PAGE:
Oxford is a beautiful town where a good portion of the famous British people you’ve heard of attended school. The town been around so long that it has a type of punctuation named after itself. The Harvard of England, if you will. Or perhaps Harvard is the Oxford of New England as Oxford predates, well, America by a few hundred years.

oxfordpic1-01We arrived midday, welcomed by sputtering of rain, no surprise. We signed up for a free walking tour (Wander Oxford) to learn more about the historic university and its surrounding areas. Free walking tours are becoming our top choice of ways to learn about cities. Typically the tours are led by locals just looking to earn a few bucks (in tips), so the passion and interest that comes along with these often can’t be beat.

We met the guide at the city centre (note appropriate spelling), and did a loop around the university, aka ‘uni’. We were able to peek into one college–the oldest college–named Balliol College, which came to be due to a fight between a Bishop and a rich Scottish dude in the 1200s. When you enter the courtyard, you’re greeted with a lush, vibrant green patch of grass. Now the UK is a pretty lush place from all the rain but this area was exceedingly well kept as only people from that college with their Masters of Arts are allowed to even touch the grass! We meandered through the college, checking out the chapel and dining hall (fitted with an organ and all), and learning about the odd rituals and rivalries–my favorite being about Cambridge! I won’t spoil it too much, but did you know you can’t go to Oxford once you’ve attended Cambridge?

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Please note color of grass.

For a late lunch, we went into a storied hole in the wall pub, The White Horse. Barely reaching 8 feet tall, this is one of the oldest pubs in Oxford, 200 years Pre-America. Next door (on both sides) is the oldest bookstore, Blackwell—this store originally could only fit a handful of people and over the centuries bought more space to become a large multi story landmark. They’ve had their eyes on The White Horse for years but they refuse to sell! We ordered a chicken pie and schnitzel, though we were told they have the best fish and chips in Oxford (too bad their fryer was broken.)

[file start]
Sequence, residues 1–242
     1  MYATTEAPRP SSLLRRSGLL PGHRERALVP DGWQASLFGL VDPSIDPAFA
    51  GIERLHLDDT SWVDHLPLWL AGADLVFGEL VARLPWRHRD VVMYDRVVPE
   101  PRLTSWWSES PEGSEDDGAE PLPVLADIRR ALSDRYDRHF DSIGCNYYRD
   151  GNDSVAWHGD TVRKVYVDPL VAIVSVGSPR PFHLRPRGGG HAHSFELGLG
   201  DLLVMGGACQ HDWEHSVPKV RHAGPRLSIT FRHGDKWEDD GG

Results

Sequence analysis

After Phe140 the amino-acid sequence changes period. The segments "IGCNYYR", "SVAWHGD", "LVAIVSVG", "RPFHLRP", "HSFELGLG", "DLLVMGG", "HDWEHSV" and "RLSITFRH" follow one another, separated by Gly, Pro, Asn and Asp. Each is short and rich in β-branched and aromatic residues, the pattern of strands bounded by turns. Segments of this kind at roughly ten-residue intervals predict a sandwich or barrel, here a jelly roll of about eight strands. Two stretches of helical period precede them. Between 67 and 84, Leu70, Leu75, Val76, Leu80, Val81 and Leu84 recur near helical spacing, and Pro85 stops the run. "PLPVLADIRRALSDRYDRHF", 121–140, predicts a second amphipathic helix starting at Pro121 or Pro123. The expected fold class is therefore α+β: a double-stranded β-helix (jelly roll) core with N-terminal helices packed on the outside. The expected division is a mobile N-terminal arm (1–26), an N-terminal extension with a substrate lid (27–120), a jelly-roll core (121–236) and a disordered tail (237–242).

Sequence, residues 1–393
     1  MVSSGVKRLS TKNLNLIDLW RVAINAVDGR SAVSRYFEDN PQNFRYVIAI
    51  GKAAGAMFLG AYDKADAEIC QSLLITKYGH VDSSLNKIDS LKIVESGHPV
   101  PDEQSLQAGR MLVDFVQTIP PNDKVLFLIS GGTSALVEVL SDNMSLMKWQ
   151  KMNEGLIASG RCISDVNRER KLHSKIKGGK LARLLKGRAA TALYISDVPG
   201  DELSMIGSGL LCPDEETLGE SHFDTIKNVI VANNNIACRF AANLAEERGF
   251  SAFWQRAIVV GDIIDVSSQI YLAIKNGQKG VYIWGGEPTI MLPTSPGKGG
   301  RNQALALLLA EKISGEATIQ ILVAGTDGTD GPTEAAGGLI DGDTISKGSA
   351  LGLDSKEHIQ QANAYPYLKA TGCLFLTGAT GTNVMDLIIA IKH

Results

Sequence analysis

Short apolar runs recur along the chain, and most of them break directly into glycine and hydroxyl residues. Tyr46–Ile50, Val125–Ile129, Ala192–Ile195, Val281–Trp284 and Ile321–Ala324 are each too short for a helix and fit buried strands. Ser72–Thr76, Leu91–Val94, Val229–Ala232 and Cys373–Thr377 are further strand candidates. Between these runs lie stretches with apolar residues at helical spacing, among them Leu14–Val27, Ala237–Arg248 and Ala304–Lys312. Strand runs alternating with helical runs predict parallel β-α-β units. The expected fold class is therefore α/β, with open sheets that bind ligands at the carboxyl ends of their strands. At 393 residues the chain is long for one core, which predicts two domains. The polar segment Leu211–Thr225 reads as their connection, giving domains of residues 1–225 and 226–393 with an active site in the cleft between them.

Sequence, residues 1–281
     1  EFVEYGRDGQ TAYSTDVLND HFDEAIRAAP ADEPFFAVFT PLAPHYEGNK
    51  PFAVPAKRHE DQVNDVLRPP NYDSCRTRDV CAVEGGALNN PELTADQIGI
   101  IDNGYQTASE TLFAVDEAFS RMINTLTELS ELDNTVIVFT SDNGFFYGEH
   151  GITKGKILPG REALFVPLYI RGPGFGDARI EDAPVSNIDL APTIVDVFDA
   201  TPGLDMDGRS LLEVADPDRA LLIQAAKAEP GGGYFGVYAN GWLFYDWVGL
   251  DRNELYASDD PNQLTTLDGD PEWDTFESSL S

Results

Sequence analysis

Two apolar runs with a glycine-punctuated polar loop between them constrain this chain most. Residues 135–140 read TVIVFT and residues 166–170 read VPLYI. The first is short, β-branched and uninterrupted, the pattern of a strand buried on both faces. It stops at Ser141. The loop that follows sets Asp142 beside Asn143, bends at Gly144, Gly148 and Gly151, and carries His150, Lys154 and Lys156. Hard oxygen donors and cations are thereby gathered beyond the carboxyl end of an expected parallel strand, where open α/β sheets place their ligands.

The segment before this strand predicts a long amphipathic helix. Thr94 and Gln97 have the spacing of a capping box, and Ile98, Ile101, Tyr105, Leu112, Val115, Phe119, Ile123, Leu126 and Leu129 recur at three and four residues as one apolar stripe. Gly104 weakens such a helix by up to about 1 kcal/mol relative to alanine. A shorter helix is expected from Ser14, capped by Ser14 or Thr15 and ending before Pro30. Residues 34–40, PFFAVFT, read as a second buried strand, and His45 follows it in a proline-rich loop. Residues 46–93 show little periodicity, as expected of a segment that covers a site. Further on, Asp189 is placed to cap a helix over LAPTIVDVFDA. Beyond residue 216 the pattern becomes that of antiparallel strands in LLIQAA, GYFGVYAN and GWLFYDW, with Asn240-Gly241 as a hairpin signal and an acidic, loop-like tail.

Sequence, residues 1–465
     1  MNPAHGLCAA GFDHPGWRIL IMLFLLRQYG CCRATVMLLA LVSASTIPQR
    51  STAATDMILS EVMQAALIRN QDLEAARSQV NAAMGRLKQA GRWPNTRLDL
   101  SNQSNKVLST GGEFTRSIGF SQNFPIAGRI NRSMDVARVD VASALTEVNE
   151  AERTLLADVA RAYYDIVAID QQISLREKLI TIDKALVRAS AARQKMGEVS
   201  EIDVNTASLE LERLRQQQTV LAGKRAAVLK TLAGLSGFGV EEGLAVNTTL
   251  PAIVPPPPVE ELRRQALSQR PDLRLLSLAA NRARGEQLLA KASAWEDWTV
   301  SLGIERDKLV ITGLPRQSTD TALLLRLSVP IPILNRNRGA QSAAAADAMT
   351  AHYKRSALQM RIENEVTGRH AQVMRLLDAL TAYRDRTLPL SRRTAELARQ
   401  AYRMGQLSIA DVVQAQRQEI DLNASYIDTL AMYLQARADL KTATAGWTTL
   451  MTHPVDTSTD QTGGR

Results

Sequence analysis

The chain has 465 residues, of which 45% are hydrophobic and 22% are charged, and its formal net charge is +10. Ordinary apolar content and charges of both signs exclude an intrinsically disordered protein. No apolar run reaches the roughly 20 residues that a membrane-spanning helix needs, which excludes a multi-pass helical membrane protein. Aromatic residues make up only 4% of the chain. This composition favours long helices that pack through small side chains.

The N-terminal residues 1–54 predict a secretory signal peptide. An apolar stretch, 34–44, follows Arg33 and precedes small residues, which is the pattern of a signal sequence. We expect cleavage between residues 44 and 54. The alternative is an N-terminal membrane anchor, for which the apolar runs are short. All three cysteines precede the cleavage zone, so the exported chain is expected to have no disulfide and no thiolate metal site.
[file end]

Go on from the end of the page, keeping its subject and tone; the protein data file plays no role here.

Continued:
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After lunch, we went over to the Museum of the History of Science. This sounds boring but is actually something Nick (Writer’s Note to Editor: Reg does, too) has a particular interest in. The place was filled with various scientific instruments and doodads from throughout history. Notably, a chalkboard that Einstein used when he gave a lecture at Oxford with his hand written formulae preserved. Across the street is the Bodleian library containing one of 38 Guttenberg bibles left in the world, and papers ranging from an original Magna Carta copy to Mary Shelley’s working notes for Frankenstein. There was also an exhibit analyzing death in the works of Shakespeare. It was all extremely British.

Our night ended with the annual Oxford Wine Festival. 40 different wine merchants from the new world and old world of wine came to showcase their vino to a bunch of eager young professional wannabe wine connoisseurs. The building itself, The Oxford Union, is (you guessed it) classically historic and apparently not usually open to the public like this.

The full session was 4 hours but you could break up the time by enrolling in an hour-long deep dive tasting at no additional cost. Having grown to love a good Riesling from our past lives in upstate New York, we decided on German wines. Fun fact: While you’re in the States you tend to see German wines on most menus alongside those from any other of the classic wine producing regions of Europe. Apparently in the UK this isn’t the case. A lack of interest and, apparently, some leftover WWII animosity passed on through the generations has led to a distinct lack of a market for German wines in the UK. This session’s theme was to implore the UK public to give German wines a second chance. We almost felt guilty taking a spot in the session because, as Americans, we didn’t need to be told about the wonders of German whites, although we were also able to try some German reds, which was a new experience for the both of us.

Though we were determined to use all of our vouchers by the end of the night (and kept finding new ones left behind by those less dedicated than ourselves), we also wanted to be able to functionally get home at some point. Needless to say, we slept well that night!

3 thoughts on “A Day in Oxford

  1. What can I say, sounds good to me
    I Would have been there with you .
    Good food, nice wine and a interesting
    museum,
    right up my alley
    XOXO mom

    Like

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